After 1914 when the Panama Canal was completed, work opportunities ended. So too did the work on the banana plantations of Costa Rica, Honduras and Nicaragua, which had been in progress since the 1870s employing 60,000 field workers from Jamaica. We do not know how many remained after Panama Disease nearly wiped out those plantations, but there exists today thriving and sizeable permanent Jamaican communities: Boca del Toro in Panama, Port Limon in Costa Rica, and Bluefields in Nicaragua, among others.

This led to the next phase of migration, to Cuba, to harvest sugar cane to meet the surging demand for sugar during World War I. 80,000 Jamaicans made the short trip to Cuba to work on the sugar plantations. In fact, more than some 25,000 Jamaican women joined the men, working mostly as domestic helpers. After 1921, the sugar industry in Cuba declined precipitously due to the collapse of the price of sugar in the post-World War I period. This created great unemployment which led to competition for work between Cubans and Jamaicans. Relations grew sour and levels of hostility almost became a diplomatic problem. Many thousands of Jamaicans had to return home. But, thousands decided to stay in Cuba establishing Jamaican settlements, despite the hostile conditions. By 1930, 60,000 Jamaicans were estimated to be living permanently in Cuba, establishing vibrant Jamaican-Cuban communities (Gisele Eisner, 1961).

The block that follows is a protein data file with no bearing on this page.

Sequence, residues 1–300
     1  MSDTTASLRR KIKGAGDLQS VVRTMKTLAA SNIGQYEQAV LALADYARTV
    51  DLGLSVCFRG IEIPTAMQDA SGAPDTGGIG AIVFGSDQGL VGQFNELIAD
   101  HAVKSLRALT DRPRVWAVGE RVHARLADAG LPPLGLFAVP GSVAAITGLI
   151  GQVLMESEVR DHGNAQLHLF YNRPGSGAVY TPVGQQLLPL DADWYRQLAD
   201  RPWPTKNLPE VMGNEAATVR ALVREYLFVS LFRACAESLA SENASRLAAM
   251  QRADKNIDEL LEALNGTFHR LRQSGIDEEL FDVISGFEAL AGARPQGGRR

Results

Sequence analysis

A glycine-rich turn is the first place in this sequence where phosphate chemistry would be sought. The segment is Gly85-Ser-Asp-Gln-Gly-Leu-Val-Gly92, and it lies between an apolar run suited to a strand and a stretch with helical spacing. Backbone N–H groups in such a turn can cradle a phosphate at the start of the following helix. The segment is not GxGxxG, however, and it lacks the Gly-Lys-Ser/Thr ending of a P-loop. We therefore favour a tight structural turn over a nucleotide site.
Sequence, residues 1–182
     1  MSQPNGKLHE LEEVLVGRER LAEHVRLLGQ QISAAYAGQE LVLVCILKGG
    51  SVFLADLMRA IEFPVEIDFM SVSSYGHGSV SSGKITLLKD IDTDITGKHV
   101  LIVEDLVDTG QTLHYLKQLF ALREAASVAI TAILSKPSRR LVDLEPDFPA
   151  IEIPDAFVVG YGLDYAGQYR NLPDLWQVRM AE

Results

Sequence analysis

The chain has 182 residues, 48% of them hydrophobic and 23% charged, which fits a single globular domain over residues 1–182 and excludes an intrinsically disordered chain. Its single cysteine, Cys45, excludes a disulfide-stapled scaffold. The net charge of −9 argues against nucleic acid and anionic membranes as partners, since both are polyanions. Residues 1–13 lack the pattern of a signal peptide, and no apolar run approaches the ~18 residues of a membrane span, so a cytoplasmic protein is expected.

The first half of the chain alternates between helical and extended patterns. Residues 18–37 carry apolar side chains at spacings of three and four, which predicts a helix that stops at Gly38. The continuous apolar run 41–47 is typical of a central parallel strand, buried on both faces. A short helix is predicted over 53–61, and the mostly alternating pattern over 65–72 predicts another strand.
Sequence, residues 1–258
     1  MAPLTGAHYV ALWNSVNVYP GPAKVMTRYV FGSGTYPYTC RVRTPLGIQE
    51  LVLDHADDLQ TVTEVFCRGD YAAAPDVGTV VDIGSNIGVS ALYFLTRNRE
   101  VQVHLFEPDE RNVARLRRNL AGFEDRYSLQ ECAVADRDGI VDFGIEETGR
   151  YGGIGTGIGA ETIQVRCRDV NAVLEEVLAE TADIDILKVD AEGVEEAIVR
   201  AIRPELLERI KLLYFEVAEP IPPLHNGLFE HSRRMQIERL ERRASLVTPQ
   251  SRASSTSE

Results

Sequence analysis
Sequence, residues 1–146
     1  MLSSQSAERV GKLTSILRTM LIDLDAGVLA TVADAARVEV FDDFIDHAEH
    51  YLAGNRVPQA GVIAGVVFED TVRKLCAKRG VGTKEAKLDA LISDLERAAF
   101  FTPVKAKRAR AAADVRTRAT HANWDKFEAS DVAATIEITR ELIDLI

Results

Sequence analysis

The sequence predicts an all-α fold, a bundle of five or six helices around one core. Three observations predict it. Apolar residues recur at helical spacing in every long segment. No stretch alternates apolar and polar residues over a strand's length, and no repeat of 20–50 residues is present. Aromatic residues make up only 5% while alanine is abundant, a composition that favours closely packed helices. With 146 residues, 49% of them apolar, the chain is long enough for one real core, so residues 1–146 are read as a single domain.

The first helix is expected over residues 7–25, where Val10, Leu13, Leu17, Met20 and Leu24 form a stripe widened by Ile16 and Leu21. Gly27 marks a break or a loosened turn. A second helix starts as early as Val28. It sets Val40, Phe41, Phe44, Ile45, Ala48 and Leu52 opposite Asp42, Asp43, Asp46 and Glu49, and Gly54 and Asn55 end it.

America, land of dreams to be fulfilled, was another venue for intrepid Jamaicans ceaselessly seeking employment. From 1913, Jamaicans refocused their migration to America. Many thousands emigrated to the north eastern states. This wave was discontinued by the Immigration Law of 1924 which prohibited further non-white immigrants to the United States.